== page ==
Month: February 2012

Rampart (2011)

A near flawless examination of hubris on the individual in a film pleasingly free of the cliches of the genre burdened and lessened by some tiresome pacing and overly forceful, slightly manipulative scenes. Essentially a character study that finds the plot only necessary for revealing another facet of our fascinating, repellent and unpleasant protagonist. Woody Harrelson is better than ever as Dave “Date Rape” Brown (He complains about both the mundanity of his name and his station moniker or nick name, earned for allegedly killing a known, violent date rapist.), an out of date policeman, still standing after the Rampart scandals of the early nineties. Determinedly old school in both outlook and policing methods, his past is catching up with him as his present closes in and collapses around him. Dave is caught on videotape (it’s 1999) savagely beating a man he was involved in a car accident with, he protests his innocence, threatens to become a news pundit for Fox or a lawyer and take down the whole department. He is well read and verbose, armour he uses to deflect accusations of brutality and racism. His home life consists of adjacent houses each stocked with a wife or ex-wife (sisters) and a daughter. Encased in liberal, feminist homes he spends his life on the beat or in bars picking up single women.

Set in Los Angeles, the spiritual home of the crooked cop movie, Rampart is shot in the rich primary colours the climate allows. The cIty has rarely looked more like a jungle, more vividly humid and threatening, more full of diversities, ideologies, factions, social substrates, rumours and political ambiguities. Humming with money and madness, corruption and power, LA is portrayed as a modern day Gomorrah, a festering sore and an uncomfortable melting pot all at the same time. All the best corrupt policemen wear their city like a suit and reflect it’s nature in their own personalities. Dave Brown is no different. LA is wrapped tight around him, squeezed into every cell, written in his DNA and echoed in his every sentence. He and the city tick along together, each others symbiote. Without LA Dave is nothing, he’s unwilling to give up his position within it for anything. Enjoying the minor powers granted him by the city herself. LA provides him delusions of grandeur, a sense of serving a higher power and a rock solid get out clause for all his transgressions.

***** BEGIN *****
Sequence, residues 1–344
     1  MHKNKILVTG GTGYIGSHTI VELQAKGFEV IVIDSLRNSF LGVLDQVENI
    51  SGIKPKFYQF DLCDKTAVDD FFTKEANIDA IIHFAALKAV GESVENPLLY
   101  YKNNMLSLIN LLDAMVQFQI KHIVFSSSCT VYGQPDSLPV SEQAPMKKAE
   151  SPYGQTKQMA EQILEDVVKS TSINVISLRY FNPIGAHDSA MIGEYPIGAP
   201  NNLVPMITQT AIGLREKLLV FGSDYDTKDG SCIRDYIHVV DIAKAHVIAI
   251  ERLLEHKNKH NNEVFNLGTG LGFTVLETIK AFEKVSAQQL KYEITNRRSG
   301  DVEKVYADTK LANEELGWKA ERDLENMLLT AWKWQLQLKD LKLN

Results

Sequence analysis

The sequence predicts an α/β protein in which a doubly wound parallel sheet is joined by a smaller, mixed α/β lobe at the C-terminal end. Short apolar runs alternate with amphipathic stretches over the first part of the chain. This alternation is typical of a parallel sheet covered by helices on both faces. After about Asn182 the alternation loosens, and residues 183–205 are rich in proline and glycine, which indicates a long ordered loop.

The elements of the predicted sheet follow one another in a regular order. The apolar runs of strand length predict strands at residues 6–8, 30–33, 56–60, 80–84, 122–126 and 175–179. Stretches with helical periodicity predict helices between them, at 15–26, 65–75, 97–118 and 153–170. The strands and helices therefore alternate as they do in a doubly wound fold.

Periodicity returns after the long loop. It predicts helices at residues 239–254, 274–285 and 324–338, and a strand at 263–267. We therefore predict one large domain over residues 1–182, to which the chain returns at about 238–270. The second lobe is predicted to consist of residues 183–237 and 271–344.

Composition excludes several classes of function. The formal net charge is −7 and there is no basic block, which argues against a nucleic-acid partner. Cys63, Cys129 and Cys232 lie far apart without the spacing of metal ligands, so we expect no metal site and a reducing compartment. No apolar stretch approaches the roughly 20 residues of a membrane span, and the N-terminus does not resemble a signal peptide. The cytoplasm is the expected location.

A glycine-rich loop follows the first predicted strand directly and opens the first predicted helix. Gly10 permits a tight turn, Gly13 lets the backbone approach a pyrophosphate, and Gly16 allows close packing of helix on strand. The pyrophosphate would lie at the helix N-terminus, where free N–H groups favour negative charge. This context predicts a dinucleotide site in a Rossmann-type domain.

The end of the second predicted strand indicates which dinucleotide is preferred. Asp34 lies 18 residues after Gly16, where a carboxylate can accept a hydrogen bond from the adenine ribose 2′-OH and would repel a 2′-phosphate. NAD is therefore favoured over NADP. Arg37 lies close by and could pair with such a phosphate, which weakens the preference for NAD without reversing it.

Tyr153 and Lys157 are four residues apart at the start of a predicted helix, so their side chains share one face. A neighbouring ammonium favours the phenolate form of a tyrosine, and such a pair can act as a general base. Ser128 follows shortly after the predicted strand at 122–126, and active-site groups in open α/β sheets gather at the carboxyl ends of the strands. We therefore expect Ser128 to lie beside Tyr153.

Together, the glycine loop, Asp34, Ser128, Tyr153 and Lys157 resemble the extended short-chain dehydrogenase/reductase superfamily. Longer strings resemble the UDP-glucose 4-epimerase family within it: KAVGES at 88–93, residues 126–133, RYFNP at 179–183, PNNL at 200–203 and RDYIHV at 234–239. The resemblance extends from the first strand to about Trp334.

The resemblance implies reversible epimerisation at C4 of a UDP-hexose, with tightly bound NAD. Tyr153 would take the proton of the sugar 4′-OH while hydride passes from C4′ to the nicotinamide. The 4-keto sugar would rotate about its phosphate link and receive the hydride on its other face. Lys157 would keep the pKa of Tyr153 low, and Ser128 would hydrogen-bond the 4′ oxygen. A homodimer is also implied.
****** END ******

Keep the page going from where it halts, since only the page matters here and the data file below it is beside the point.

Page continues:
James Ellroy’s involvement in anything to do with the LAPD lends instant credibility (Hell, even Street Kings sounded good), his extensive knowledge of the department’s history, traditions and skeletons give an authenticity useful to any crime drama. His clipped, abbreviated, racially charged dialogue is vicious (“…Rodney King wannabees…” cuts deep) his scenes and locations carefully chosen. The script certainly seems to have attracted a high calibre cast all willing to spout it’s acerbic observations with venom and snake oil. Sigourney  Weaver and Steve Buscemi play city officials despairing of Brown, Anne Heche and Cynthia Nixon his wife and ex-wife respectively, Ned Beatty is a retired cop, Ice Cube an IA officer and the always dependable Robin Wright excels as a damaged lawyer who falls in with Brown for ambiguous reasons. Not a bad line up for a film opening on five screens in the US.

Directed by Oren Moverman (I’m Not There, The Messenger) with a flair suitable for a high temperature cop thriller. Moverman was also involved with the script, allegedly rejigging it to be more of a one man show, a spiral downwards for Dave Brown rather than a fallout from Rampart, procedural film. This is arguably to the film’s detriment. Shot after shot of Woody’s grimacing, smoking head in his patrol car begin to drag, repeated well after we have got to know Dave and his foot fetish well. Unfortunately it also hurts the scenes outside of  Dave’s police work, passages with his daughters are too prolonged at times when the meagre plot could be moved forward.

Bent Copper movies are guilty pleasures because at some point a bastard must be rooted for. “Date Rape” Brown compels some sympathy as he gets deeper and deeper into the mire, sympathy not for his plight which is deserved but for his status as a relic, unable to understand the forces allayed against him . His face goes bright red as alcohol takes over, his logic and reason vanish and his justifications and excuses flimsily collapse. So, a brilliantly realised character who just might be too corrupt to support and that, somehow, takes some of the pleasure away. A rough diamond then, creatively shot, realistically written in blackly comic police jargon, slight on story but anchored to solid ground by a performance from an actor moving into that wonderful phase some get to where everything seems effortless and nothing is too far.

Frantic (1988)

A suitcase full of Macguffins and Harrison Ford doesn’t even speak French! Polanski’s 1988 attempt at mimicking The Fat Man has stood the test of 23 years relatively well. When Richard Walker’s (Ford) wife goes missing whilst they are in Paris for a medical convention his ordered world descends into the seedy, corrupt and eventually political underbelly of the city. In a move Alfred would’ve approved of, Walker has no idea for his wife’s disappearance and little understanding of the wider events until the final twenty minutes or so.